The police took a long time to adapt to this. When they started to try and clear the Waterloo Bridge XR protest, they had to give up after about 200 arrests as all their cells were full in London… then Luton… then Brighton! Only after almost a week’s worth of protest did the police managed to seriously begin to re-take any space occupied by XR.
Filling up the police cells?
XR also state their intention to fill up the jails. Perhaps here XR’s practice hasn’t quite lived up to their theory so far. The majority of arrests are for people simply sitting in the road, and the police have been processing most arrestees quickly and releasing them with no conditions.
In the UK there is no bail bond to pay so that cannot be refused. The majority of offences are for crimes that will not result in prison.
The police cells may be full in London for short periods, but the jails are not. When three Extinction Rebels were remanded into custody after blocking a train, XR did not send hundreds to repeat their action to fill the jails.
For now, this element seems to be ignored. I can see why, as unprecedented disruption and numbers of arrests are bringing media coverage and responses from some areas of government.
Maybe they will return to this in the future, or update their theory to take it into account.
So far no one in XR is looking at any serious time, and the police are not doling out beatings. XR have indicated they want to bring in this dimension, as when people face suffering it is often very powerful. Gandhi called it ‘truth force’ or satyagraha. Many existing activists do not understand why anyone would want their movement to suffer, and this element really aggravates a lot of them.
A couple of recent actions do offer a clue as to why this is powerful. In 2009, nine protesters climbed a chimney at Didcot Power Station and stayed up there for a week to protest new gas power. There was not a lot of media coverage initially, even though they stayed up there a week. However, when the power company tried to sue them for £5,000,000, suddenly the media was very interested and they were able to tell their story.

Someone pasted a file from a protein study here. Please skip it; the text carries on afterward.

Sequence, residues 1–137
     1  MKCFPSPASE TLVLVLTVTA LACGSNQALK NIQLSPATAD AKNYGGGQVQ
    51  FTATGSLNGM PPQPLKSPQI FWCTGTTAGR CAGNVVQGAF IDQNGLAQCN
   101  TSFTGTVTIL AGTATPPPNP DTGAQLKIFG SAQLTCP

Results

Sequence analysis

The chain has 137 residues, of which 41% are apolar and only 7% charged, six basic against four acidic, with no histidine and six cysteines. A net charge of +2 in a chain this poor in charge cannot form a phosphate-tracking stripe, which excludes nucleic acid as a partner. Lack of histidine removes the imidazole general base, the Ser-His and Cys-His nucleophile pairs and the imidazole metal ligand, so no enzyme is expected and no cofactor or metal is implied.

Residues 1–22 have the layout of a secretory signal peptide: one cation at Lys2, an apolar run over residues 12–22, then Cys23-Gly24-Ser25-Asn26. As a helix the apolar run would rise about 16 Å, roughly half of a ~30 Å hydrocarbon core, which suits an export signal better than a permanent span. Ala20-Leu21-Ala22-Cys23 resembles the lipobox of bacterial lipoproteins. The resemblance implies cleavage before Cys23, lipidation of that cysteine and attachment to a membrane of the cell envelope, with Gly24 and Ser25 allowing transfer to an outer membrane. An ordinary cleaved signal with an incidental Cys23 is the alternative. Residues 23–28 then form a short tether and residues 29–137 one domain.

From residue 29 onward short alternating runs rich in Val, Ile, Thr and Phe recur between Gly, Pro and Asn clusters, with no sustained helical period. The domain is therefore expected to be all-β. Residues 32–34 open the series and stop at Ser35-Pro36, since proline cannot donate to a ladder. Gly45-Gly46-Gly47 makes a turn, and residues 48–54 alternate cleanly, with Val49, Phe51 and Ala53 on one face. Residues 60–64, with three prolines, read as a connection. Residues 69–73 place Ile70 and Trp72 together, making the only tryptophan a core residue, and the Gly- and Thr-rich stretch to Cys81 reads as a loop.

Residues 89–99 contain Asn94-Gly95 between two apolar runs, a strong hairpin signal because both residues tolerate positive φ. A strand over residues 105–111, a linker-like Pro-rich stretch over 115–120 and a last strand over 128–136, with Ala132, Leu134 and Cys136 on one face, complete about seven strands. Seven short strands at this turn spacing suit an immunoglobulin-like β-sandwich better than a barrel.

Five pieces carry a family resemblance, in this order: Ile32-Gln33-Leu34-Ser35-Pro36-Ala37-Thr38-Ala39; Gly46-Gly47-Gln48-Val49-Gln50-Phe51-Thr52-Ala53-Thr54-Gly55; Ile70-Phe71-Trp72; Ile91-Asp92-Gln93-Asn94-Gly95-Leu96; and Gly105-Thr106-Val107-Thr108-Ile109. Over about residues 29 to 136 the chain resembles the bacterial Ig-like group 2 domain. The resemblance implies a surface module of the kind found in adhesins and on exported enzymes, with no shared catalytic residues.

Similarly, the 15 protesters that broke into Stansted Airport and stopped an immigration deportation flight were largely ignored by the media at the time, but then were able to shift the debate about these inhumane flightsduring two years of trials facing life sentences on preposterous terrorism charges.
The role of suffering is certainly one that is ignored in most UK direct action. XR speak about it, but have not yet begun to use it the way movements on which they base themselves did.
XR’s tactics differ in many ways from much of established climate activism – whether that is grassroots direct action or NGO-led campaigning. This has upset many, as they do not respect existing learning and do not place an understanding of privilege at the centre of their analysis. There are certainly parts of their thinking that I’d be interested to hear more about as they don’t quite tally with their actions.
XR’s leadership deserve much of the criticism they have faced, but also much praise. Their thinking challenges UK activist culture in many ways, and will certainly affect future movements.
Being so open and explicit about nonviolence is very different to the UK’s recent mass direct actions, and in many ways is proving effective. The impact they are having in streets, in the media and in public discourse is undeniable. I’m excited and grateful that this imperfect rebellion exists.